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Grace Harbor Farms

Tim and Grace Lukens of Grace Harbor Farms are farmers through and through. But if you ask them what they raise, they won’t give you the obvious answer – cows. They will say they farm grass on their farm between Lynden and Birch Bay in Whatcom County north of Bellingham. 

The Lukens’ cows are entirely grass-fed and are never given hormones or GMO feed. The phrase you are what you eat could not be more fitting – an exclusively grass diet means that the grass better taste good, or the milk won’t be tasty.  (In the winter, when the weather isn’t great for grazing, the cows are fed hay – dried grass.)  

On top of bottling their milk, the Lukens have a line of yogurt, which we offer in our stores. Customers often rave about the cream top and European style of the Lukens’ yogurt. The milk for this creamy yogurt comes from the lesser-known Guernsey cow. These sweet tempered cows make up a small fraction of the national dairy cow population, so it was challenging for the Lukens to find cows to build a herd. Guernsey cows produce milk higher in beta-carotene, making it light golden in color and sweeter than milk from other types of cows.  They recently acquired five Guernsey cows from a local farmer and fortunately for the Lukens, those five cows had never tasted grain.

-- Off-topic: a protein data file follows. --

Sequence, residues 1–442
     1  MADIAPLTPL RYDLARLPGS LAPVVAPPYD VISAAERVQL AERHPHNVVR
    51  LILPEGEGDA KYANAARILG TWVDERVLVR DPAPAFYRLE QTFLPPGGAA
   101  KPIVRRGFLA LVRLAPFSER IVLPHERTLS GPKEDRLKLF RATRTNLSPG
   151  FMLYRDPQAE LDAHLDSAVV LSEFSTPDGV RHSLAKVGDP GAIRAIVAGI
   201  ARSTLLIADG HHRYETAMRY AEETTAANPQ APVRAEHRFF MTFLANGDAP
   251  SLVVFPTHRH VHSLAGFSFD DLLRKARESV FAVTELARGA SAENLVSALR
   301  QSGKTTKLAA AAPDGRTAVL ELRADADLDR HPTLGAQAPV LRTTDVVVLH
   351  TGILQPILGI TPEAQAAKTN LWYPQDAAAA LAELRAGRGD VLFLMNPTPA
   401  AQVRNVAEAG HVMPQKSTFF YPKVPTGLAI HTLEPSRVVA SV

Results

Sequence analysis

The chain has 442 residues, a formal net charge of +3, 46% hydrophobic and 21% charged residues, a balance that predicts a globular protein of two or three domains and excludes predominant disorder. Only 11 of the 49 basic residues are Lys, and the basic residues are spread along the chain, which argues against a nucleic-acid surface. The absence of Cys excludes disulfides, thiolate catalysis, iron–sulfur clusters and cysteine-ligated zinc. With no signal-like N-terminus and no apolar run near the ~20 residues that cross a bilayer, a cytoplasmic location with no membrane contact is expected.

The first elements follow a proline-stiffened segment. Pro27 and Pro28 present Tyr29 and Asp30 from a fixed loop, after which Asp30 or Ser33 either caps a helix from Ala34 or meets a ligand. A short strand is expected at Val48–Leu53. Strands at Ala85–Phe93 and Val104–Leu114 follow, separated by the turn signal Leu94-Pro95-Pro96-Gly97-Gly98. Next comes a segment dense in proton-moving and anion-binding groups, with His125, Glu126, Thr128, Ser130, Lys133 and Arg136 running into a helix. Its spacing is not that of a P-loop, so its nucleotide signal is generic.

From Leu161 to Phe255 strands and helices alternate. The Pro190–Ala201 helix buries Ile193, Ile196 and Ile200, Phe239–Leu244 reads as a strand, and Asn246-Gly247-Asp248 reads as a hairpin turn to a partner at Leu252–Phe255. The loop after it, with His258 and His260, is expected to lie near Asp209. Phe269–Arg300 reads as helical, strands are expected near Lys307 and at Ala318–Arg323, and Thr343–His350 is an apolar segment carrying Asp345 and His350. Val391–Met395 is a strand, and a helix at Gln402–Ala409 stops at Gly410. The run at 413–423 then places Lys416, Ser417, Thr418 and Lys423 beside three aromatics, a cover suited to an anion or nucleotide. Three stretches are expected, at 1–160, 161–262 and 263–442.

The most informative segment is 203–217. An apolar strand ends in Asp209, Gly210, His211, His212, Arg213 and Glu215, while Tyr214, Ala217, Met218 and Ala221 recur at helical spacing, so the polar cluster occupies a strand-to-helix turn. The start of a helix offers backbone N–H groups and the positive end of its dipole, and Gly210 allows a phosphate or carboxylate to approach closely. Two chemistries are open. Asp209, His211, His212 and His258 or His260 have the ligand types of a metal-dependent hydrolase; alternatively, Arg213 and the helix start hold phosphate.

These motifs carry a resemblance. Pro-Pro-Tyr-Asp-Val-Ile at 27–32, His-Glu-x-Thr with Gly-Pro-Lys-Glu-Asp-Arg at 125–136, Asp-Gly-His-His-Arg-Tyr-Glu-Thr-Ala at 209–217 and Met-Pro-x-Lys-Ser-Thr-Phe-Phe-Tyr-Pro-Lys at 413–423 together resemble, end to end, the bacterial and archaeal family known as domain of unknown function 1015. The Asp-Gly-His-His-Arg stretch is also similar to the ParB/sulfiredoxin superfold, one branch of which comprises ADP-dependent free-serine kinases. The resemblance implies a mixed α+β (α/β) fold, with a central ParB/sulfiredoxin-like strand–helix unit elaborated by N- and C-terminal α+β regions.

When the couple cannot get enough milk from their eight-cow herd, they partner with another local farmer who owns a herd of 25 Guernseys.  They also partner with Wil-O-Acres Goat Dairy in nearby Ferndale, beginning with the purchase of two goats in 1999. They started making soap from the goat milk and sold it at farmers’ markets. They soon expanded to making goat cheese, bottling goat milk and experimenting with a variety of lotions and soaps. Though the couple no longer makes goat cheese commercially, they do bottle the milk, which is available in our stores, and have an extensive line of creams, lotions and soap. 

The Lukens’ operation is considerably smaller than other farms in the area, but their size allows Grace the opportunity to cook lunch for her husband, grown children and employees. The group sits down to a traditional family meal every weekday. This is something Grace would not trade for the world.

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